Predators open camp searching for new identity

It hasn’t been the easiest calendar year for the Nashville Predators since hiring John Hynes on Jan. 7, 2020. The team was struggling on the ice and frustrated off it.

Coronavirus hit shortly after, halted the season, and the Predators made an early playoff exit after being swept by the Arizona Coyotes in the best-of-three Stanley Cup Playoff Qualifier.

The Predators took the ice at Bridgestone Arena for the first day of training camp, searching for a new identity in a realigned conference and shortened season.

“I would say the excitement around the room and in the arena is high,” said Hynes during Sunday’s press conference. “The big thing is, how do you focus the energy and excitement the right way? Its all about identity.

Returning this season is Norris Trophy winner Roman Josi, goaltenders Pekka Rinne and Juuse Saros, forwards Filip Forseberg, Viktor Arvidsson, Matt Duchene, Mikael Grandlund, Rocco Grimaldi, Calle Jarnkrok, Ryan Johansen and Colton Sissons, and defensemen Ryan Ellis and Mattias Ekholm. 

The expectations for the core players are high and General Manager David Poile says that they have to be better. 

“They’re going to have to drive our team,” said Poile. “And then we’ve got some other guys that we brought in that are just hard-working guys that I think will make a difference in how we play… [How we play on the ice is still] unknown right now, but as far as competing to be a team to make the playoffs? Absolutely.”

Unlike in years past, there is no time to waste. There isn’t a preseason filled with exhibition games to explore lines and defensive pairs.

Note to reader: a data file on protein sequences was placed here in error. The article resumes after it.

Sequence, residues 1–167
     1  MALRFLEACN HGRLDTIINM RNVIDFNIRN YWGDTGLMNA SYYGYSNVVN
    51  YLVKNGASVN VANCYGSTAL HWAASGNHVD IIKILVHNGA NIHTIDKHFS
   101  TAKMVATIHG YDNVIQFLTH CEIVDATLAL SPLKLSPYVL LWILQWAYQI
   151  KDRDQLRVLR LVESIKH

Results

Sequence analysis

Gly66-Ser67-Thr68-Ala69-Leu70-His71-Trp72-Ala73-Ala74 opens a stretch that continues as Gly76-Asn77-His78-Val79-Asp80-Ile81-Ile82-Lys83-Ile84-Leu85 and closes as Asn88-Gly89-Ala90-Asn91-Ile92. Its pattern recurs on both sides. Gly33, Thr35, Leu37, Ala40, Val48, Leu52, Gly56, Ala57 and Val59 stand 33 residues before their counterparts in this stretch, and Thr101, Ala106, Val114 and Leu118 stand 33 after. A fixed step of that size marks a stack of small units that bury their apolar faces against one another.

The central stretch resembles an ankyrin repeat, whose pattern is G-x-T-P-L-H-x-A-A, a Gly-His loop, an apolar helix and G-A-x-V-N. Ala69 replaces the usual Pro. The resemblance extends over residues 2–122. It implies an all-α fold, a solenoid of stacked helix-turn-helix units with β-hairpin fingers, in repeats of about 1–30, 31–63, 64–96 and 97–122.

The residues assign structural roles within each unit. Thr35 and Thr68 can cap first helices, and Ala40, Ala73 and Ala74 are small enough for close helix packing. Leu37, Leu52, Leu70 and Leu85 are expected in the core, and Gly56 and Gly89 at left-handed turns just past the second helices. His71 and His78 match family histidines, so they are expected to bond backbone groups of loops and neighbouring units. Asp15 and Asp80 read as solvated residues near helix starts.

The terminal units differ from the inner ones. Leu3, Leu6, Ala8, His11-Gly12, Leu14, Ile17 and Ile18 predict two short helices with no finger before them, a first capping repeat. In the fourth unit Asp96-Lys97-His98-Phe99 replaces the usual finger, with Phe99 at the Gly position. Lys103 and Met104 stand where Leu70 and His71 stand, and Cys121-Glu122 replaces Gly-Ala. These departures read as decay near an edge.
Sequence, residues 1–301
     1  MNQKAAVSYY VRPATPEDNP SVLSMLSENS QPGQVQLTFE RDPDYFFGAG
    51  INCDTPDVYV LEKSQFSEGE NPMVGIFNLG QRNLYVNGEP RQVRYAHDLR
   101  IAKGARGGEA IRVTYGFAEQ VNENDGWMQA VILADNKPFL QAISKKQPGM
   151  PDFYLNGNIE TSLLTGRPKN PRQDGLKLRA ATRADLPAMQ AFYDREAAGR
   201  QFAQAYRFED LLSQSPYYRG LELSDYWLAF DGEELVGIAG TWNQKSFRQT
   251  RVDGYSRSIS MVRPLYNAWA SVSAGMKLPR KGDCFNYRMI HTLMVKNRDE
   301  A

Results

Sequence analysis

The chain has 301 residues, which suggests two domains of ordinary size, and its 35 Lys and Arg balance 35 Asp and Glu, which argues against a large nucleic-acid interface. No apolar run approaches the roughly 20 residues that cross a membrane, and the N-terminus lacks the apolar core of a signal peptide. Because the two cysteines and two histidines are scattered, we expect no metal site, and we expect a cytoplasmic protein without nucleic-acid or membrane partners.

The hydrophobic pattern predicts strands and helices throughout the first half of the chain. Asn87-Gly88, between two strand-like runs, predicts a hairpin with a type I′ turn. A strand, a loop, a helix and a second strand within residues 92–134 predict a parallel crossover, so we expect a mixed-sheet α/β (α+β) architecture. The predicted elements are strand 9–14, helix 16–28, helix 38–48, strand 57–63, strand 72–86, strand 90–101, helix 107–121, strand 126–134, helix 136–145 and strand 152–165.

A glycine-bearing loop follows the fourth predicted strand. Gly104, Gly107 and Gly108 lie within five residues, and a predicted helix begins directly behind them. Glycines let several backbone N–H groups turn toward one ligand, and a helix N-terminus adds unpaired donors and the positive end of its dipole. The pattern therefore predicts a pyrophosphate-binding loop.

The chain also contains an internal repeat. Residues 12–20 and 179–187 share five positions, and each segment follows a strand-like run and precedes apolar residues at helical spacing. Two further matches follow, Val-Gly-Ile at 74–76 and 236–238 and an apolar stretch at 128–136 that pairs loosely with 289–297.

“We talked with our players [and told them] every day is going to matter,” Hynes said. “We need to make sure that our meetings and our practices are really focused, we have a high execution level and we need to get up and running quickly. We have a really good format for our camp on how we’re going to practice, have some intrasquad exhibition games and make sure that we’re physically and mentally prepared to go for game one.”

Prior to camp, Poile held a meeting with this year’s 40 camp participants.

“We basically talked to the players about being open-minded with our decisions and realizing that this is going to be a unique season,” Poile said. “Fifty-six games, a lot of back-to-back games, a lot of three games in four nights, four in six; it’s sort of setting up that it looks like you would need a bigger roster to be successful this year. We’re looking for patience and open-mindedness. How we start isn’t necessarily how we’re going to finish in terms of where our roster is going to be.”

But what is the identity of this team? That question will be answered soon enough when the 23-man roster is announced prior to the club’s first game. 

“We’re moving on to the 2021 version of the Nashville Predators, and we’re hopeful that we made the right changes,” Poile said. “We’re hopeful that this reset gets us back to be one of the hardest-working teams in the League, gets us to be very competitive, gets us to be a hard team to play against, gets us into winning on a more consistent basis, gets us to be a playoff team, gets us to be a team that has a chance to compete for the Stanley Cup – it’s a lot of hopes and wishes and thoughts, but it’s all gone into that process of all the changes that we made this this offseason. That’s why I’m thankful and grateful that we have a chance to play this year to start with, and I’m really excited to see exactly what we have.”

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